The Slow Code - page 9

I have been a nurse for only seven years; however, certain events and situations will remain embedded in my memory for the rest of my life. One of these events took place during my first year of... Read More

  1. Visit  AnonRNC profile page
    4
    This is a very interesting topic and a fabulous discussion. I have a couple of things to add.

    In 14 years of NICU/Peds nursing (plus 4 as a CNA), I have never seen a "slow code."

    However, in the NICU, we do sometimes have "limited codes" and in those cases the do's and dont's are clearly in the MD order. For example, a baby with overwhelming sepsis and metabolic acidosis on full ventilator support, fluid resuscitation, sodium bicarb, antibiotics, and pressors to maintain BP...the order (after discussion w/family about "futility of care") was no compressions if his heart rate slowed on its own. On the other hand, if the patient experienced bradycardia due to accidental extubation, we could do compressions while reintubating. And that plan of care crystallized something for me:

    (1st point) CPR does NOT 'bring them back.' What CPR DOES do is buy you some time while you correct the problem that caused the arrest.
    Read that again; it's important. In the case of overwhelming sepsis and acidosis, there wasn't anything more we could do to correct the problem (we'd already given everything we had to fight infection & correct acid/base balance), so chest compressions would not be indicated. In the case of accidental extubation, we could reintubate and "fix" the problem, so chest compressions would be indicated.

    (2nd point) It is vital to recognize that if CPR does happen to 'bring them back' (to spontaneous circulation - i.e. a pulse), that survival to discharge rates are quite low. That interim time results in huge financial charges, pain and suffering for the patient, and emotional distress for the family.

    (3rd point) Families don't usually REALLY know what they're saying when they say yes or no to resuscitation. I think we overburden them with the decision making. We are asking them to do something extremely difficult; we're asking them to say "Let my Mother/Husband/Daughter/Lover die." I think we would be wiser to make the decisions ourselves - in most cases. "Your father has had a debilitating stroke from which he will not recover his ability to speak, eat, walk, or talk. He probably does not recognize you or understand anything happening to him. Because of his co-morbidities he is now in multi-system organ failure. Despite our interventions, eventually this will cause his heart to stop and he will die. Would you like to be with him at that time? Would you like spiritual support? How can we help you through this sad and difficult time?"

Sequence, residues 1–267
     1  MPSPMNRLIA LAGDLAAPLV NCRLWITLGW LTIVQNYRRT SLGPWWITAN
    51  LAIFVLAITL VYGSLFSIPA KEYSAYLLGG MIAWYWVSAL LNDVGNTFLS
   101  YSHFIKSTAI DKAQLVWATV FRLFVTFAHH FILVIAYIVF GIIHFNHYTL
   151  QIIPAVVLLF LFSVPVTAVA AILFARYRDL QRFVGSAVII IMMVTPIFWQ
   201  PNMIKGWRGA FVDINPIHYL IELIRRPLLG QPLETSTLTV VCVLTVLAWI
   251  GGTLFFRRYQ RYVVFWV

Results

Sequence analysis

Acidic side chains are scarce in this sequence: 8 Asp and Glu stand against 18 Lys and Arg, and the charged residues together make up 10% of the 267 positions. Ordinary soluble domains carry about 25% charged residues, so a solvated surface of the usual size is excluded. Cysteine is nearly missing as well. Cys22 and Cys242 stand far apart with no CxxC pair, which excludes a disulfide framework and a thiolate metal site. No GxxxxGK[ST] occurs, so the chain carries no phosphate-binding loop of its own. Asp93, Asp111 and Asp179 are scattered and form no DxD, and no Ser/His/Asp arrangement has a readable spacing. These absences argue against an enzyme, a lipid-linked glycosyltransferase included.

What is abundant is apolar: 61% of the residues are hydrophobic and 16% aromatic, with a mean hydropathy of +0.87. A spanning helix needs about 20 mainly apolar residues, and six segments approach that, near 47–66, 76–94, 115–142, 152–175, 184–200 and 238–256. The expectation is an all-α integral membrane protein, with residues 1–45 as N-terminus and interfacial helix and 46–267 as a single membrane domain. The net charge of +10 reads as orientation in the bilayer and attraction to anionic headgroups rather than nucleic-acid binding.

(4th point) We need to have more conversations around the topic of "futility of care," rather than just pressing on with treatment after treatment.

    (5th point) Advance directives (living wills) can help. Nurse know better: we should ALL have one. Here is one of the best I've ever found. http://compassionwa.org/wp-content/u...web-secure.pdf Don't worry that it's supposed to be for Washington State because - GUESS WHAT - advance directives are NOT legally binding. Therefore, advance directives should be coupled with CONVERSATIONS with your loved ones. And I heartily agree with the earlier poster who made a friend (not her spouse) her DPOA.

    (Stepping off soapbox - thanks for listening)
    liebling5, GrnTea, bbuerke, and 1 other like this.
  2. Visit  somenurse profile page
    2
    Quote from redhead_NURSE98!
    Do you all ever wonder if these wishes are financially motivated? Like the deadbeat kids who "take care of" their parents in the parents' home, and cash their SS checks to "provide care" for them? I sometimes wonder when I meet these people.

    I wouldn't know, i kinda doubt it, it takes a pretty cold person to allow mom to suffer so you can have her check,
    shiver!!! ouch.
    but, more often,
    in the times i've assisted some doc helping a family D/C the full code order, or agree to remove the vent, etc, (often done in sort of family-conference kind of set up)
    it seems to me, like 70% of the time,
    it is the long distance relative who is fighting tooth and nail to keep the full code order, or the tubefeed/vent, etc, all going.

    The stand-by kid (when i say kid, this could be the adult child in their 50s)